Event driven Raspberry Pi GPIO programming in Ruby
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Merge the gem structure changes needed to spin out the drivers into their own gems and some code cleanup into the develop branch. This is so we can begin the `3.0` release process.
Latest commit bf17c88 May 24, 2016



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Pi Piper brings event driven programming to the Raspberry Pi's GPIO pins. Pi Piper works with all revisions of the Raspberry Pi, and has been tested with Ruby 1.9.3 & 2.0 under both Raspbian "wheezy" and Occidentalis v0.2.

To get started:

If you do not already have Ruby installed, first you'll need to:

sudo apt-get install ruby ruby1.9.1-dev libssl-dev

Despite one of the packages being titled "ruby1.9.1-dev", the above command will install Ruby 1.9.3 (as of January 2013) and the Ruby dev tools.

To install Pi Piper:

sudo gem install pi_piper


The GPIO pins (or General Purpose I/O pins) are the primary "do anything" pins on the Raspberry Pi. Reading inputs from them is as simple as:

require 'pi_piper'
include PiPiper

watch :pin => 23 do
  puts "Pin changed from #{last_value} to #{value}"


after :pin => 23, :goes => :high do
  puts "Button pressed"


Your block will be called when a change to the pin's state is detected.

When using pins as input, you can use internal resistors to pull the pin up or pull down. This is important if you use open-collector sensors which have floating output in some states.

You can set resistors when creating a pin passing a :pull parameter (which can be :up, :down or :off, which is the default).

pin = PiPiper::Pin.new(:pin => 17, :direction => :in, :pull => :up)

This way, the pin will always return 'on' if it is unconnected or if the sensor has an open collector output.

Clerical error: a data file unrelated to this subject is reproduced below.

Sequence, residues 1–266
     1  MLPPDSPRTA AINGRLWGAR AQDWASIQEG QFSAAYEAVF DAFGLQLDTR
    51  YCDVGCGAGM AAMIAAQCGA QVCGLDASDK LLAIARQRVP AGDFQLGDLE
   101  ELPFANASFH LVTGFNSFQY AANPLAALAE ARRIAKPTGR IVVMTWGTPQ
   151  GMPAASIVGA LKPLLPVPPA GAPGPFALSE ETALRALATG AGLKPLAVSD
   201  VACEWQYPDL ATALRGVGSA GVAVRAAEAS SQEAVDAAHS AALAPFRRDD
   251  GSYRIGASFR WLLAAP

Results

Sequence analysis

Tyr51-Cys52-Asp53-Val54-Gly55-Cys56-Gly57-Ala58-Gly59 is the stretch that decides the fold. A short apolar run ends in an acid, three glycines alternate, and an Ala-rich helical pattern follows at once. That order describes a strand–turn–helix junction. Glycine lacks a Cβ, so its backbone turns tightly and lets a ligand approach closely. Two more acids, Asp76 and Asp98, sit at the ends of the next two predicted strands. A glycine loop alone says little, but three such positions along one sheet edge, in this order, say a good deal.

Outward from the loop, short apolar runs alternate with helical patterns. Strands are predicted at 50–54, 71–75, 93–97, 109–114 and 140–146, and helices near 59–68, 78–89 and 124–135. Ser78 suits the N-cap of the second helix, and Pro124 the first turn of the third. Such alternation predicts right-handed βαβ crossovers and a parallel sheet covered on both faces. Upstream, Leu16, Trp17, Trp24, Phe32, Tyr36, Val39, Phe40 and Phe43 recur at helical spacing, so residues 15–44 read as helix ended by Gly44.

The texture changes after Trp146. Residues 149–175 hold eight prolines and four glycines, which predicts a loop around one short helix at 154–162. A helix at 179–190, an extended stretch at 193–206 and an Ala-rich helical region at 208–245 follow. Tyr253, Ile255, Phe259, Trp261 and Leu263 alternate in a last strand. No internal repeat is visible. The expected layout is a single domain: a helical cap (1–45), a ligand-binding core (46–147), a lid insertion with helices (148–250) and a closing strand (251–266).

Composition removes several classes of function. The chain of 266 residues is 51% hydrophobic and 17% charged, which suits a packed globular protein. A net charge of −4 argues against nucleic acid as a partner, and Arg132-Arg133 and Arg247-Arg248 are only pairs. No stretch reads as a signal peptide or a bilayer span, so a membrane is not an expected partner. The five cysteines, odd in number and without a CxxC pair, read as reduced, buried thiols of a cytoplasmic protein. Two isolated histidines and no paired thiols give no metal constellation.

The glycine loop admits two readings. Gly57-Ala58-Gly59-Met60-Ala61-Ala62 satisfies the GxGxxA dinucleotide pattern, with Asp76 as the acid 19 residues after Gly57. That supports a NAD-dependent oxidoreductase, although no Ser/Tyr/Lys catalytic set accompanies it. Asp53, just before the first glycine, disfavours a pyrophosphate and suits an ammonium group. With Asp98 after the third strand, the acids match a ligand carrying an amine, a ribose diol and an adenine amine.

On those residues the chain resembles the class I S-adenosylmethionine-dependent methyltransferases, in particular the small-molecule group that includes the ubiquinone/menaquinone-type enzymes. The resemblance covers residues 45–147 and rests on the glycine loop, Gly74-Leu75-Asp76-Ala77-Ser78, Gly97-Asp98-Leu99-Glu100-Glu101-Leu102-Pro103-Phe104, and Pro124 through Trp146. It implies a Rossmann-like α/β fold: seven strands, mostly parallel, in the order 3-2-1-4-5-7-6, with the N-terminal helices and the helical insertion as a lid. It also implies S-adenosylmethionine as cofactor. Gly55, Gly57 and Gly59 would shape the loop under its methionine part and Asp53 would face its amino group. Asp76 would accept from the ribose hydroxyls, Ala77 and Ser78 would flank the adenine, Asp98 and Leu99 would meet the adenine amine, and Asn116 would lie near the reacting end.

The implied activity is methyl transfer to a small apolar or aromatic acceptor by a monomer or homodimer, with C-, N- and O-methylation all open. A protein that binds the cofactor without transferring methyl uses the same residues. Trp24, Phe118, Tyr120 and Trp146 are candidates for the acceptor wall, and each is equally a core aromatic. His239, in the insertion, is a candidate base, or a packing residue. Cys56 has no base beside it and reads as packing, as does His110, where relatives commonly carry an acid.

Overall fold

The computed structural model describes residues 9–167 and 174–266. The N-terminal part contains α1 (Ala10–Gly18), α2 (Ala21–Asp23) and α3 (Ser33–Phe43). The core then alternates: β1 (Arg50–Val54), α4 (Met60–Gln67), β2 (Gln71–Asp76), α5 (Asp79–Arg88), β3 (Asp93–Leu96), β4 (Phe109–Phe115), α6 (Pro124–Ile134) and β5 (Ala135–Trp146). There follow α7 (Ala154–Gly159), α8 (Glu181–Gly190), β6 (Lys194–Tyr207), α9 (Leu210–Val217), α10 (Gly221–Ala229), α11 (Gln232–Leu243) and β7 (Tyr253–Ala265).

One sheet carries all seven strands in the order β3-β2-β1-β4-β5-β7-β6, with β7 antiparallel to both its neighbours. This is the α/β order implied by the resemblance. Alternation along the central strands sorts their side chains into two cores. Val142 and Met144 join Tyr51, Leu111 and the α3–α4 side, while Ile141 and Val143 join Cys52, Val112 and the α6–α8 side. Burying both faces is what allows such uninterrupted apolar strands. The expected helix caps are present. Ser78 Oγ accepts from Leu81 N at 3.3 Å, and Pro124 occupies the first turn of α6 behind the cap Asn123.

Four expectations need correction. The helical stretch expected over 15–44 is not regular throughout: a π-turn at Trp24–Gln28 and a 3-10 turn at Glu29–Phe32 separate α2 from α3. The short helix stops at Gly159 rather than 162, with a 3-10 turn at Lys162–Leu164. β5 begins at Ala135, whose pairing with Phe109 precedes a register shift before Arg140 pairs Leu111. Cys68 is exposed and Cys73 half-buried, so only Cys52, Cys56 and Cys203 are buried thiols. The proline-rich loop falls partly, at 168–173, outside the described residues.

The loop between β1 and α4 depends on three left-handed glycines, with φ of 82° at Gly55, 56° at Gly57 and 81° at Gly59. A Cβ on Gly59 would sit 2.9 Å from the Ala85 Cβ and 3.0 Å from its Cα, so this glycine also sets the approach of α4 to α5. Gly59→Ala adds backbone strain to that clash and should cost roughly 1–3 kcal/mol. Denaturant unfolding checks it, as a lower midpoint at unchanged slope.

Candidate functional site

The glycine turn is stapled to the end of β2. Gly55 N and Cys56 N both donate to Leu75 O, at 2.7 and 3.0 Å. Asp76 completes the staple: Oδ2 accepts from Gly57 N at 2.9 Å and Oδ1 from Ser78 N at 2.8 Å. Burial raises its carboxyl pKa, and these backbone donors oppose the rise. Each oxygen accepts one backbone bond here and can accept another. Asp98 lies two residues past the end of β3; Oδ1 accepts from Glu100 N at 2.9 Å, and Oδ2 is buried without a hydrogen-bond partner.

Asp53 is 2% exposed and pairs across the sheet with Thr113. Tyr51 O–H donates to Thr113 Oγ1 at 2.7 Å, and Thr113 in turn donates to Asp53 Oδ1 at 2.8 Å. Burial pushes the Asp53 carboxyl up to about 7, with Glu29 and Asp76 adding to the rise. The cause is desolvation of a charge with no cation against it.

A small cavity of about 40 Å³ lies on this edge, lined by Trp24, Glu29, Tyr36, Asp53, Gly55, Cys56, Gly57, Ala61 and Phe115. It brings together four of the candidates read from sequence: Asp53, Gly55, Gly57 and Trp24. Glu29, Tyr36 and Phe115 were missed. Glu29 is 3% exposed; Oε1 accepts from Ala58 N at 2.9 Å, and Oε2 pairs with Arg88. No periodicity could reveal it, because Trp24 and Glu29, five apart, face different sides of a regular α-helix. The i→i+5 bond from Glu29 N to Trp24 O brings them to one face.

You can later alter the pulling resistors using PiPiper#pull!

Additionally you can use pins as output too:

pin = PiPiper::Pin.new(:pin => 17, :direction => :out)
sleep 1

please note, in the above context "pin" refers to the GPIO number of the Raspberry Pi.


Starting with version 1.2, Pi Piper offers SPI support.

PiPiper::Spi.begin do
  puts write [0x01, 0x80, 0x00]

If you are using an operating system that supports /dev/spidev0.0 like the adafruit distro you can also write to the spi using PiPiper::Spi.spidev_out

# Example writing red, green, blue to a string of WS2801 pixels

Pulse Width Modulation (PWM)

what is it !? https://en.wikipedia.org/wiki/Pulse-width_modulation

PiPiper allow to use the hardware PWM channel of the bcm2835..... value should be between 0 and 1, clock between 0 and 19.2MHz, mode blaanced or markspace and range something greater than 0. Supported pin are : 12, 13, 18, 19, 40, 41, 45, 52, 53 but only 18 is on the header..

pwm = PiPiper::Pwm.new pin: 18 #, range: 1024, clock: 19.2.megahertz, mode: :markspace, value: 1, start: false
pwm.value= 0.5
pwm.off # works with stop
pwm.on  # aliased start

apparently the clock is rounded to the next 2^n divider of 19.2MHz


API documentation for Pi Piper can be found at rdoc.info.

Example projects

Looking for more examples/sample code for Pi Piper? Then check out the following example projects, complete with circuit diagrams:

Under the hood

PiPiper use the libbcm2835 library from Mike McCauley at airspayce. (distributed with Open Source Licensing GPL V2)


if you want to upgrade or downgrade the library for compatibility reason, get it and make it a shared object library :

wget http://www.airspayce.com/mikem/bcm2835/bcm2835-1.49.tar.gz
tar zxvf bcm2835-1.49.tar.gz && cd bcm2835-1.49
./configure && make
sudo make check
sudo make install
cd src && cc -shared bcm2835.o -o libbcm2835.so
cp libbcm2835.so ~/pi_piper/lib/pi_piper


Distributed in accordance with the BSD licence, see LICENCE.md file.

Proudly developed exclusively on a Raspberry Pi